Within 48 hours of Stanjarivus McKay announcing he committed to "his dream school," which was UCLA, he was on a plane for an official visit to the University of Washington.
Before leaving he told the Huskies coaching staff he wanted to commit, but by the time he got home his allegiance - and commitment - swung back to UCLA.
Welcome to football recruiting in 2009, where a player's `commitment' is a signal to other schools to intensify their recruitment.
It is causing uneasiness in the recruiting world, which takes center stage with today's national letter of intent signing day.
And UCLA is as involved in this zaniness as anybody.
The Bruins could sign 16 to 23 high school seniors today. The final number depends on which recruits stay true to their word, as well as five other recruits announcing their intentions.
"It is nuts," Bruins second-year coach Rick Neuheisel said. "It's always nuts, but I'm finding it more nuts because I'm right here in the center of the nutness, which is Los Angeles. This is the epicenter of Pac-10 recruiting. Most of the kids are in this area, so every (school's coaching) staff is here."
Each year there are players who switch commitments from school to school, but this year it is an epidemic.
UCLA has 18 oral commitments heading into signing day, in addition to Carson High tight end Morrell Presley enrolling in school in January.
Five of them originally committed to other schools, including Presley, who originally committed to USC.
"I don't think there's ever been anything quite like this," said Rick Kimbrel, a Western Region recruiting analyst for Rivals.com who has been in the recruiting business for two decades. "I've never seen this amount of de-commits, hopping from one school to another. I hope this isn't the birth of something out of control, but my instincts say it could be.
"Coaches are putting pressure on kids to commit, so the kids wind up committing. Then, they have buyer's remorse. These coaches aren't just great X's and O's guys, they're great salesmen. One day they want a Samsung, the next day they want a Sony."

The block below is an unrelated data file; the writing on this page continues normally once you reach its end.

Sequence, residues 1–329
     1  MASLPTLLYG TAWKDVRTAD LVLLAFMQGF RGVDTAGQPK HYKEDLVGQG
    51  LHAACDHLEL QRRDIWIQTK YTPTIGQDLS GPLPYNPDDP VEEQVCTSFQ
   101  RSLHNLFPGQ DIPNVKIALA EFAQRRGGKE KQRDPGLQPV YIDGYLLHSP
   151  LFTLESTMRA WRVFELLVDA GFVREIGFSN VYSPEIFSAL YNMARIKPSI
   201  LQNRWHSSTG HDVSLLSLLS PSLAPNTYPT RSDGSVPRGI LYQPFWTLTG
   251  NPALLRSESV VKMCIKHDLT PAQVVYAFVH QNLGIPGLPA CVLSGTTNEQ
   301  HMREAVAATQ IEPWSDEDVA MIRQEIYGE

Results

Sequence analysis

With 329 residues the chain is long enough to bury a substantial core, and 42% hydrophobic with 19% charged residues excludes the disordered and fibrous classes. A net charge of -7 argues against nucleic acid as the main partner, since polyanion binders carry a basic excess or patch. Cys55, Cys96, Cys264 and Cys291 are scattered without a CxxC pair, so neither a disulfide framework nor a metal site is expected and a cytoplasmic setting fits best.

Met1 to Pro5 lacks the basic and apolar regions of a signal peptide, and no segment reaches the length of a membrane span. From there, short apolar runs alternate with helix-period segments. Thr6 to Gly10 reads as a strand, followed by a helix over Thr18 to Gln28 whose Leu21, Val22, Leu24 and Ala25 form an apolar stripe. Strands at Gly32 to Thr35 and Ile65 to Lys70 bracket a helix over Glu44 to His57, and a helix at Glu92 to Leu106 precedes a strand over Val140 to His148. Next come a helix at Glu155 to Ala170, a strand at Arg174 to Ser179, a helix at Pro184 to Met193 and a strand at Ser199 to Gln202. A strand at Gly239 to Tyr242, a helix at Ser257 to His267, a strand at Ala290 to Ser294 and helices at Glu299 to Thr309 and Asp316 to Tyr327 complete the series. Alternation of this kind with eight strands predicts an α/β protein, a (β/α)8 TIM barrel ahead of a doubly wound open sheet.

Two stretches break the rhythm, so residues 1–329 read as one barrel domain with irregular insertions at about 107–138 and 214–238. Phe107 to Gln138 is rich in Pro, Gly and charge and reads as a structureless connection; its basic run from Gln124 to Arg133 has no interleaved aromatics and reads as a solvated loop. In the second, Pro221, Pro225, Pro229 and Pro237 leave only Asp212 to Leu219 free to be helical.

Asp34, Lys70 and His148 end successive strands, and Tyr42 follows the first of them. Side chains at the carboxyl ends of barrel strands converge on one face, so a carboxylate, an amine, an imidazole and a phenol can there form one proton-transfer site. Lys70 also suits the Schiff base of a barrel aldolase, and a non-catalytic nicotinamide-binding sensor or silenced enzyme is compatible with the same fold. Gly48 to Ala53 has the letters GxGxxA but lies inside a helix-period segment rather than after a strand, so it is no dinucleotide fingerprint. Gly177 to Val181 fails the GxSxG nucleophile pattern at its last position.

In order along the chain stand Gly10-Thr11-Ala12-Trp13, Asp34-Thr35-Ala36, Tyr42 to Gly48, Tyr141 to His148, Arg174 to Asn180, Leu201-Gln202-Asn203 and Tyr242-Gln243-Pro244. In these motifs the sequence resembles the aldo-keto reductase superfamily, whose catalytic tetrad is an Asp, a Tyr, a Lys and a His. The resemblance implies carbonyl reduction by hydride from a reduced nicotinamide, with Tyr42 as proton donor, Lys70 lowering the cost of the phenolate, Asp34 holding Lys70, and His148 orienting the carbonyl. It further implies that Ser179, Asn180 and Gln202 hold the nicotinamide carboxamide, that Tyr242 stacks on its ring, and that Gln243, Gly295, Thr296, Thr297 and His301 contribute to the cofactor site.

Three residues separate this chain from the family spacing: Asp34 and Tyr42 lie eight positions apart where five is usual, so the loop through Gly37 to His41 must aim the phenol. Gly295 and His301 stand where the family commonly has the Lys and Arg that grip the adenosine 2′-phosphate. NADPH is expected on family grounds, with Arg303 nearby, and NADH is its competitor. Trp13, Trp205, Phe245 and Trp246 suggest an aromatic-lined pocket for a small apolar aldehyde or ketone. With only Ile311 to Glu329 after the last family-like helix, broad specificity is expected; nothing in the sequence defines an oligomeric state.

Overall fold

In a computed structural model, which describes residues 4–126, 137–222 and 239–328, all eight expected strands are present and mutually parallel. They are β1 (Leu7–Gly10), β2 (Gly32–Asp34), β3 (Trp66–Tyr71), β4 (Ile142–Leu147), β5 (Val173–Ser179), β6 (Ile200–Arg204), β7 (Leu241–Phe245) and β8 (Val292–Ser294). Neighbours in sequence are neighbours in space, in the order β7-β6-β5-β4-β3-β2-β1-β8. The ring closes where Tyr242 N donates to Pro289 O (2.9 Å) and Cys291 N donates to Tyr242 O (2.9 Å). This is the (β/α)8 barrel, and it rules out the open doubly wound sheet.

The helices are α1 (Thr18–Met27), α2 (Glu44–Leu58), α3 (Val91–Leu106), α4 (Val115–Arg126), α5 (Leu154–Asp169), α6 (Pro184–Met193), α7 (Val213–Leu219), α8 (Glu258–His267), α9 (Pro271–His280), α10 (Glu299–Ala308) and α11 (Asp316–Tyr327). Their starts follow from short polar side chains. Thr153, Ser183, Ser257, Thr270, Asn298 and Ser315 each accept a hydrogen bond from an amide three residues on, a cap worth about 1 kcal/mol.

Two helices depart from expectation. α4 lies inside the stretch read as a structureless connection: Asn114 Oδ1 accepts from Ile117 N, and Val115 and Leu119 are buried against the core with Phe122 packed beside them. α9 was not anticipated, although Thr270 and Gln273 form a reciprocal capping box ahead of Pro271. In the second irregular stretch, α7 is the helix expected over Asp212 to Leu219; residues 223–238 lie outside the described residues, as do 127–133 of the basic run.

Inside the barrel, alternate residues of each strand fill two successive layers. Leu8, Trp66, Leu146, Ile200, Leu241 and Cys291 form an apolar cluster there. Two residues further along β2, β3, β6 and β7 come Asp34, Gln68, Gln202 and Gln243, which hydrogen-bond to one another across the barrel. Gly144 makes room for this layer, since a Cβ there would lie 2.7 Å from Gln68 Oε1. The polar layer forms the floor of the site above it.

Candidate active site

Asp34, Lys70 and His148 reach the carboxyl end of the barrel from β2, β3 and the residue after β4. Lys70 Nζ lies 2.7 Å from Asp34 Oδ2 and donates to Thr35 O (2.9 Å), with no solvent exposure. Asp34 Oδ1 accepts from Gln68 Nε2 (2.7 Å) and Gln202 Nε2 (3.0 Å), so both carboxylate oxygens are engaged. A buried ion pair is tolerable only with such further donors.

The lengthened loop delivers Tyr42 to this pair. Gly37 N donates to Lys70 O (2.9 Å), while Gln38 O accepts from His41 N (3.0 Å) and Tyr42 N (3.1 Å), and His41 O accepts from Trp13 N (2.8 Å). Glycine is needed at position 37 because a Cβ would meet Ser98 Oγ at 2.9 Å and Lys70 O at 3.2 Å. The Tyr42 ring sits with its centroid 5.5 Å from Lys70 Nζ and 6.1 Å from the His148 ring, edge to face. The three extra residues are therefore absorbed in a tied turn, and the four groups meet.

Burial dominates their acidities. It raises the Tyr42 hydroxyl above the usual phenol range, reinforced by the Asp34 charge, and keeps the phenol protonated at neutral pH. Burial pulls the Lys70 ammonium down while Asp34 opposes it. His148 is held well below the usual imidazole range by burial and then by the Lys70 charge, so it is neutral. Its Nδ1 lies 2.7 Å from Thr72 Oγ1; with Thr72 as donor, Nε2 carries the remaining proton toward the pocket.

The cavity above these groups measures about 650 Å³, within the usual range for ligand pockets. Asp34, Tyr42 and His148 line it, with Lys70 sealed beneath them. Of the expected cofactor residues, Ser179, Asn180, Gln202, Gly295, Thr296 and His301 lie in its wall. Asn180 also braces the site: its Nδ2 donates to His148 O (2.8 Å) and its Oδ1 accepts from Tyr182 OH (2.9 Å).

McKay thought the days of his cellular phone being glued to his ear were over the moment he announced he was attending UCLA. He even went about contacting the other schools recruiting him before going public with his decision.
"As soon as I committed, all these other schools starting coming at me harder," McKay said. "Colorado and Washington recruited me the hardest. I thought it would calm down, but I started getting more phone calls. Schools see you committed to UCLA, and then they want to offer you."
On the night he returned from Washington, McKay estimated he received 30 phone calls from other schools and Internet reporters.
He also received a lot of text messages and e-mails.
"I think everybody would agree that a commitment ought to be a commitment," Neuheisel said. "But because of how the commitments are arrived at, and kids having such terms as `soft verbals,' you just have to keep competing until a kid tells you, `I'm done.' Then you move elsewhere.
"But these kids are still inviting coaches into the home, and all that stuff, so you just have to keep swinging."
Brian Te'o, the father of Punahou High of Honolulu linebacker Manti Te'o, received 100 to 130 recruiting phone calls a week until recently, when Manti narrowed his list down to three schools. Te'o, rated as one of the top linebackers in the nation, is to announce today between USC, UCLA and Notre Dame.
The craziness also includes flip-flopping flips.
Cajon High of San Bernardino defensive back Marlon Pollard committed to former Bruins coach Karl Dorrell before the 2007 season, switched his commitment to Notre Dame in October because of UCLA's coaching change, and flipped back to the Bruins last month.
Kapolei (Hawaii) High offensive lineman Stan Hasiak committed to the Bruins in October, changed to California last month, but is now undecided. He is favoring UCLA, but he said this week he stopped doing interviews and talking to schools so he can make a decision where he will sign.
Neuheisel said one of the reasons for so much indecisiveness from the recruits is the process.
He said Washington's hiring of former USC assistant Steve Sarkisian also clouded the recruiting picture.
Washington's late start in recruiting caused a mad scramble.
"So they're in there knowing all the (recruiting) lists because they came from the Pac-10, and are banging everybody just to see where there's a chink in the armor," Neuheisel said. "They're out there taking their swings.
"It's a wild ride. It's fun, if you have the right attitude for it."